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						217
	   New Kent Court-House.
and continuous.     The friendly Heichhold gave
me some physic and a dram, and presently
I was fain to lie down on the leaves by the 
road side, imperfectly sheltered by my India-
rubber overcoat, feeling very ill and exhaust-
ed.      But as the rain gave no signs of abating,
it wouldn t do to stop there, so I got wearily
into the saddle again and rode, with Hall,
to New Kent Court house.  Here we discovered
that old Heintzelman had taken up his quar-
ters in Taylor s little house, but didn t
go there, knowing we should get no welcome.
Finding at length a miserable attic, over a
stable, we the latter filled with soldiers, we
ascended to beneath the broken, sloping roof,
where we could only stand upright in the cen-
tre, and there amid bricks, rubbish, old
clothes and worse, slept till 3   P. M.
the rain descending in torrents on the roof.
Then, the weather abating, we resolved to try
and procure better quarters for the night,
and applying at the house of a Virginian named
Chandler, succeeded.    Desirous of finding
out the whereabouts of Wilkeson I presently
went to old Heintzelman who was ventilating
his meagre body at the portal of the house
of the ex-rebel lieutenant.        Directly he had
made a pretence of returning my salutation
Page
Title:Thomas Butler Gunn Diaries, Volume Nineteen: page two hundred and forty-eight
Description:Regarding the march of the Army of the Potomac towards Richmond.
Date:1862-05-19
Subject:Chandler; Civil War; Gunn, Thomas Butler; Hall (artist); Heichhold, A.P.; Heintzelman, Samuel Peter; Marches (U.S. Army); Military; Peninsular Campaign (Va.); Taylor, Telemachus; Wilkeson, Samuel
Coverage (City/State):New Kent, [Virginia]
Scan Date:2010-06-17

 

Volume
Title:Thomas Butler Gunn Diaries, Volume Nineteen
Description:Includes Gunn's descriptions of his experiences as a war correspondent for ""The New York Tribune"" in Virginia while traveling with the Army of the Potomac during the Peninsular Campaign; the Siege of Yorktown; the Battle of Williamsburg; his departure from Alexandria on the steamer Kent; the ruins of Hampton, Virginia, after it was burnt by John B. Magruder; touring the gunboat Monitor; the death of Fitz James O'Brien from a gunshot wound; Jim Parton's temporary separation from Fanny Fern; and seeing Robert E. Lee's house in Virginia.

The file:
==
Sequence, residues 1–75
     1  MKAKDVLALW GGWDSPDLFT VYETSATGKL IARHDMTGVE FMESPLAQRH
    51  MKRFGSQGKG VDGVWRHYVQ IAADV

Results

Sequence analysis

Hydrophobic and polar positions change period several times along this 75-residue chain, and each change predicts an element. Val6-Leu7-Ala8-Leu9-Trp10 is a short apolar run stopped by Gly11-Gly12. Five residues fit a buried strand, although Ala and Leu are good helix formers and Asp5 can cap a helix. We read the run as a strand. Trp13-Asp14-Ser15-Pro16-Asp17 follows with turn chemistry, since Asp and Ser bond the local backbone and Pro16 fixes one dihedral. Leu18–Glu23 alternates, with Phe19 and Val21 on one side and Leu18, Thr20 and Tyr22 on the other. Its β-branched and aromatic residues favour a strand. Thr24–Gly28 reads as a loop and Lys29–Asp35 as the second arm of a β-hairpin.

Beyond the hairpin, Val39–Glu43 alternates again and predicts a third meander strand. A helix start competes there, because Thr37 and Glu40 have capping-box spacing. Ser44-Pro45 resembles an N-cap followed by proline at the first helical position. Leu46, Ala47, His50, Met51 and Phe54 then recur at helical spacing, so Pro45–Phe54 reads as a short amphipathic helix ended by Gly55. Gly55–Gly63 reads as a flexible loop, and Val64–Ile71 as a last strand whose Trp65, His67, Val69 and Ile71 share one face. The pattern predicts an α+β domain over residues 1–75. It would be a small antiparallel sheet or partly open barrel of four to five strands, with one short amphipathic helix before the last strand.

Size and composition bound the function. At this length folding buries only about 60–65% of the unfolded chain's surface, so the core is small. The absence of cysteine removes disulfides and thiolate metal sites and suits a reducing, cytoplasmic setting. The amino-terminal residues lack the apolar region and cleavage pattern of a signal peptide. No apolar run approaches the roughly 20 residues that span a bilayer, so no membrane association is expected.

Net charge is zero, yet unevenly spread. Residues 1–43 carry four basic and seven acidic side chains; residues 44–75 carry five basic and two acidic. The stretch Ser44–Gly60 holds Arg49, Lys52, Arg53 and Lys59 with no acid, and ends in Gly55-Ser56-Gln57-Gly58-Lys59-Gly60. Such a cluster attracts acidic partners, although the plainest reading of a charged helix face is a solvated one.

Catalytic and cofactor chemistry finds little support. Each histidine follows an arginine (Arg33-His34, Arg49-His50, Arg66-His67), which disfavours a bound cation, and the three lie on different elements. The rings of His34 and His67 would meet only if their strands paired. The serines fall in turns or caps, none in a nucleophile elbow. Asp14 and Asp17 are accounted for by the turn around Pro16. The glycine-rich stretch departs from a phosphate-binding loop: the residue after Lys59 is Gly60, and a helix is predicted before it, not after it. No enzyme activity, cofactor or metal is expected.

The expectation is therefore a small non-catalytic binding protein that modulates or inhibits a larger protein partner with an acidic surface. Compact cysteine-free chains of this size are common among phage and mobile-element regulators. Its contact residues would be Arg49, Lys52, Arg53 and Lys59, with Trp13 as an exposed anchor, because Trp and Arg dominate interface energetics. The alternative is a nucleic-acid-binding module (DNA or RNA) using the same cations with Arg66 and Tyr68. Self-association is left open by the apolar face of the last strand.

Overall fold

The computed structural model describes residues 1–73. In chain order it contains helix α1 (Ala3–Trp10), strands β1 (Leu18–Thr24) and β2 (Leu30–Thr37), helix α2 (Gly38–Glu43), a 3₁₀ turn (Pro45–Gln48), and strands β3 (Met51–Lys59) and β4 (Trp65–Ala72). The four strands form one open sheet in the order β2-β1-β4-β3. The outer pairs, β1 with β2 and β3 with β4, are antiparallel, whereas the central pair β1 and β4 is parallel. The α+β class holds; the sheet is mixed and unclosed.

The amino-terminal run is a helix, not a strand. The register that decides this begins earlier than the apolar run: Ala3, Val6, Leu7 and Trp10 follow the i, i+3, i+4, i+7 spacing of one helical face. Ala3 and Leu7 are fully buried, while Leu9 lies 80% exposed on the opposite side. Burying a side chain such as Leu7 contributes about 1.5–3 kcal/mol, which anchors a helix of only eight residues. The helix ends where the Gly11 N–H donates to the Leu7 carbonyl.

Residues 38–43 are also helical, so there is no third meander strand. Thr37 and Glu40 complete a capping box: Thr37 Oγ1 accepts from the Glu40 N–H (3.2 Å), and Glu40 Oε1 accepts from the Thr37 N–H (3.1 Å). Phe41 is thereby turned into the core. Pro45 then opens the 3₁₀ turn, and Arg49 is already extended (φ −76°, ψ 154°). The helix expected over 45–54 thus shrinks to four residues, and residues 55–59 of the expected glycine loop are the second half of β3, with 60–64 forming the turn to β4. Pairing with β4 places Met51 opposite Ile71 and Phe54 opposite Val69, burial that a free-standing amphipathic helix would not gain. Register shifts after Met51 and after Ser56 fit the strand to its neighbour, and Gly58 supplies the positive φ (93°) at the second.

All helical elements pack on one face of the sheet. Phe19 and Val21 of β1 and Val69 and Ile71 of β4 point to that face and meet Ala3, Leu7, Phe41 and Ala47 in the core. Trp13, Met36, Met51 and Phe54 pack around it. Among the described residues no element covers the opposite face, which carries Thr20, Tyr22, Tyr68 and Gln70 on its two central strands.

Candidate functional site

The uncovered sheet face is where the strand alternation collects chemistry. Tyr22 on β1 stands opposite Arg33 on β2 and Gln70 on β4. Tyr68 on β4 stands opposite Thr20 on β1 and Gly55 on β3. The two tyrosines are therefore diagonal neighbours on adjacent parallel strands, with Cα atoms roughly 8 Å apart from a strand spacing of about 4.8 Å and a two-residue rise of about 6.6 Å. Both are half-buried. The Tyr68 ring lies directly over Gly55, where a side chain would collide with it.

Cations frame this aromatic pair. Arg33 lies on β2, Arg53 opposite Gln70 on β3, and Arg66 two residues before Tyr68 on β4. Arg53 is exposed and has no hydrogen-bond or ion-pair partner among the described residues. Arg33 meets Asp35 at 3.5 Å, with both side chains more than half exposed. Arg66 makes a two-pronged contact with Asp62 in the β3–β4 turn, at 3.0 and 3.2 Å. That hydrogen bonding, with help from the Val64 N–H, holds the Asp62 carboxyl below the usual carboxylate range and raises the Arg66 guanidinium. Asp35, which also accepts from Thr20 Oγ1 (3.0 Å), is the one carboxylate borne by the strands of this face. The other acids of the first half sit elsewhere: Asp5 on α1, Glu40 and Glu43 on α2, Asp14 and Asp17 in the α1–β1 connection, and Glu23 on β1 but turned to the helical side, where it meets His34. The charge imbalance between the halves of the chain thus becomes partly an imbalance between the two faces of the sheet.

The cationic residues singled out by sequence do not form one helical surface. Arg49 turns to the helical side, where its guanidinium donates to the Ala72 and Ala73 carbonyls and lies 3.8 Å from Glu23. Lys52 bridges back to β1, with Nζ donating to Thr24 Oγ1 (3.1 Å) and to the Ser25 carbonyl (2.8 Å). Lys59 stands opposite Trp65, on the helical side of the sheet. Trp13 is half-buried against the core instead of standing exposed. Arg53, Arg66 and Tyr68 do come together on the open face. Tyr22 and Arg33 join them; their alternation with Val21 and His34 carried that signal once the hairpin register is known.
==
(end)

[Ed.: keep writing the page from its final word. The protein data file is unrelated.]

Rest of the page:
Subject:Civil War; Gunn, Thomas Butler; Journalism; Marches (U.S. Army); Marriage; Medical care (U.S. Army); Military; Military camp life; Peninsular Campaign (Va.); Prisoners of war (Confederate); Siege of Yorktown (Va.); Slavery; Slaves; Travel; Women
Coverage (City/State):New York, New York; Washington, District of Columbia; Alexandria, Virginia; Hampton, Virginia; Yorktown, Virginia; Williamsburg, Virginia
Note:Thomas Butler Gunn was born February 15, 1826, in Banbury, England, and came to New York in 1849. During the Civil War he worked as a correspondent for the New York Tribune and the New York Evening Post. He returned to England in 1863, and died in Birmingham in April 1903. The collection includes twenty-one volumes of his diaries, including newspaper clippings, letters, photographs, sketches, and various other items inserted by Gunn. Diary entries date from July 7, 1849, to April 7, 1863, and include his experiences with the New York publishing and literary world, his descriptions of boarding houses, his travels throughout the United States, and his experiences traveling with the Federal army as a Civil War correspondent.
Publisher:Missouri History Museum
Rights:Copyright 2010 Missouri History Museum.
Source:Page images, transcriptions, and metadata of the Thomas Butler Gunn diaries have been provided by the Missouri History Museum.